Currently, about 15 percent of technical graduates in the country are self-employed. It is necessary to take multifaceted steps to increase the self-employment opportunities of polytechnic graduates. For this purpose, they need to provide loans on easy terms. For them, it is necessary to carry out vigorous activities to create more employment opportunities abroad. According to a 2019 study by the Asian Development Bank (ADB), about 7500 to 8000 new technical job opportunities are created in the country every year. Approximately 20,000 new computer science and engineering graduates enter the job market annually. More than 80 percent of them fail to meet recruitment standards set by employers, the study noted. According to the ADB report, the manufacturing industry is forced to hire high-wage technology workers from neighboring countries due to the inability to find domestic talent for mid-level skills such as technical skills, business analysis and project implementation. Outdated and theoretical learning methods, limited lab facilities and limited intern opportunities are not capable of producing the required skilled manpower.
As a preparation for the Fourth Industrial Revolution, expansion and upgrading of technical education is necessary to develop the country’s larger population as a tool for development. The future will see supercomputing driverless cars artificial intelligent robots, neurotechnology brain, and genetic technology. We have to open up new horizons of development for the people of the country by utilizing these possibilities of technology.
The first industrial revolution began with the invention of the steam engine, the second industrial revolution began with the generation of electricity, the third industrial revolution began with the invention of the Internet in 1969, and in the 21st century artificial intelligence, robotics, machine learning, Internet of Things, biotechnology and automation technology. The fourth industrial revolution has started with the technology. Our education system or workforce needs to be prepared to face this industrial market. Quality education and training are required to enhance skills and competencies. The first phase of this training starts from the beginning of receiving education. Technical education transforms into the workforce and higher education transforms the workforce into a resource. In this case, quality technical education institutions are needed for the education and training of working manpower, and government institutional and private sponsorship is also needed.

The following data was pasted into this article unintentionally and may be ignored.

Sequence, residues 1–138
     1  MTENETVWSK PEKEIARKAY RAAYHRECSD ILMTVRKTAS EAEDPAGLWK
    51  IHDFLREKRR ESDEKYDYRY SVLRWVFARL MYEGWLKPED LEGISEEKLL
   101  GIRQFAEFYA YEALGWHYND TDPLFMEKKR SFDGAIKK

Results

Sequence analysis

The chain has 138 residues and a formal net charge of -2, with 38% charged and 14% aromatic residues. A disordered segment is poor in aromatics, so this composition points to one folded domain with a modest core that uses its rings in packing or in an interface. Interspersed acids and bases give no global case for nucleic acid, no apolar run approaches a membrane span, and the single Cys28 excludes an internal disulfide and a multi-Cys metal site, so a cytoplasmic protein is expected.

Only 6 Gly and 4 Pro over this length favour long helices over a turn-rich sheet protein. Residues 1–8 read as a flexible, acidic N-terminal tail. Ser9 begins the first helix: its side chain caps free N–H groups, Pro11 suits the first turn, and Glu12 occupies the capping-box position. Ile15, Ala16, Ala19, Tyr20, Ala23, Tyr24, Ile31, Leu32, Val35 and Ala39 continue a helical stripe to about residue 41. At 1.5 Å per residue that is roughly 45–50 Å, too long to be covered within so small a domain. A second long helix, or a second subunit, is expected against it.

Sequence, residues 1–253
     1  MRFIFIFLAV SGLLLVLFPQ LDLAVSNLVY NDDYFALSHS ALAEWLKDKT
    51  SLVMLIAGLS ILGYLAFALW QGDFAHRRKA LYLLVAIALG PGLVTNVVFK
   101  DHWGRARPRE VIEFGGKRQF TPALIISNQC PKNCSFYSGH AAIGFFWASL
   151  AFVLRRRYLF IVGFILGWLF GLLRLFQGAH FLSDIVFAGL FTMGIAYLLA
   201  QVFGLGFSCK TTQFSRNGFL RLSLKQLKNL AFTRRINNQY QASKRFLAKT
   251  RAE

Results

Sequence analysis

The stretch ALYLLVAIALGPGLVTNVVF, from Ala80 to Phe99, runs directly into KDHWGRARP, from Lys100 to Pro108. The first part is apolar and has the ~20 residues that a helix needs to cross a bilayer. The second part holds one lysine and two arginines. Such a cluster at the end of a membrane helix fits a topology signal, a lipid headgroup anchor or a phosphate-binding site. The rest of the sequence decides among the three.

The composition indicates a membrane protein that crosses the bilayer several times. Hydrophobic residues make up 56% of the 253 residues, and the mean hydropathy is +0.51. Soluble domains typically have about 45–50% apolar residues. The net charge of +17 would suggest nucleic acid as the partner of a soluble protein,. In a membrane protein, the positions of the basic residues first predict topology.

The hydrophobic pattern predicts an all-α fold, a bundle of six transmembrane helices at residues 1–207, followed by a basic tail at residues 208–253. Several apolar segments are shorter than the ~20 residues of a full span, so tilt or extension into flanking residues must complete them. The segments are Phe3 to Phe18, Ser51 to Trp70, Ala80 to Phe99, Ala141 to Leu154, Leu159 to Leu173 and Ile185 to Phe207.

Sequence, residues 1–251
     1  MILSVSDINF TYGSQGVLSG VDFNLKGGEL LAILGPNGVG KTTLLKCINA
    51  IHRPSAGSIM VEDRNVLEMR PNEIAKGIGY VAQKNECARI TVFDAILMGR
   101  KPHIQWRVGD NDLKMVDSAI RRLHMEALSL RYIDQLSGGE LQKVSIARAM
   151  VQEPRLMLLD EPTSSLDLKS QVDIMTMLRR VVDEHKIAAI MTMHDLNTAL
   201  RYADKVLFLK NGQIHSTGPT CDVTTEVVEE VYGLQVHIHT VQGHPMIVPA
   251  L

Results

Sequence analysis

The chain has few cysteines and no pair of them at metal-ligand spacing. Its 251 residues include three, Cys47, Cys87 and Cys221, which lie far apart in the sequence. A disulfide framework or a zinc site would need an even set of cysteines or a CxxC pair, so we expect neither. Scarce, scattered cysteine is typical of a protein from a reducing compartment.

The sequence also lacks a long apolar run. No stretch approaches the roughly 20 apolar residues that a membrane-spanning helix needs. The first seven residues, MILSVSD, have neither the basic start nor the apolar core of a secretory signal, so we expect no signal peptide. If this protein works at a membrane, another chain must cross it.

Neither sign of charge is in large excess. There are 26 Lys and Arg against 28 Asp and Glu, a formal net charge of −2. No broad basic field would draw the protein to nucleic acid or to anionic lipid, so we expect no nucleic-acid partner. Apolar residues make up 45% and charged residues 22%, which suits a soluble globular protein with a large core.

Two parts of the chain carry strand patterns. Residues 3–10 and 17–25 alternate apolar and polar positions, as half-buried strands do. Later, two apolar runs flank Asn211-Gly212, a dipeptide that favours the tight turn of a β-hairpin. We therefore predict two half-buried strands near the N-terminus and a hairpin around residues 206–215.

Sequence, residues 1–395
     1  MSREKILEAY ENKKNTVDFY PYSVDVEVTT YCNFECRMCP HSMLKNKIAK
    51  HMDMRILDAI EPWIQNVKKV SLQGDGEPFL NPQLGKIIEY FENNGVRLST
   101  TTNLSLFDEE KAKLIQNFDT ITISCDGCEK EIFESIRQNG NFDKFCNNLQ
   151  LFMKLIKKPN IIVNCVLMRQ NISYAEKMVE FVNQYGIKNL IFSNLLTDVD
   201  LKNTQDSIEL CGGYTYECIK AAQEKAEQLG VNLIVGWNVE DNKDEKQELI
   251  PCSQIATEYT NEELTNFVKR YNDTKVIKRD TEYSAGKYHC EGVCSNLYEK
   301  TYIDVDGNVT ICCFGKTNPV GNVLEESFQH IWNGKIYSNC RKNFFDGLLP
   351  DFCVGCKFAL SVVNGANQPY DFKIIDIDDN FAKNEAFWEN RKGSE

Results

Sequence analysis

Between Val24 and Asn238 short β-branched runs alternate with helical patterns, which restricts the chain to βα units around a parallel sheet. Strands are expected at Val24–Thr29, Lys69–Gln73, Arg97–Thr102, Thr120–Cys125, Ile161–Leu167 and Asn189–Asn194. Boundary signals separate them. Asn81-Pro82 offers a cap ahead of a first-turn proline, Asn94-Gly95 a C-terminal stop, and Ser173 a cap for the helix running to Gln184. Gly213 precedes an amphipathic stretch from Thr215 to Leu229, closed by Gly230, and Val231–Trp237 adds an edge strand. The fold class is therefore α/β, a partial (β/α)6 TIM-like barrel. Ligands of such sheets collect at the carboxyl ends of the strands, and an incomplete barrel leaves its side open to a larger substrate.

Only 14% of our students are taking technical education whereas currently technical education rate is 73% in Germany, 66% in Japan, 65% in Singapore, 60% in Australia, 55% in China, 50% in South Korea, 46% in Malaysia. However, our current government has set a long-term target level for the development of technical education, which is to increase the rate of technical education to 20% in 2020, 30% in 2030 and 50% by 2050. The government of Bangladesh is taking various plans to achieve this target level.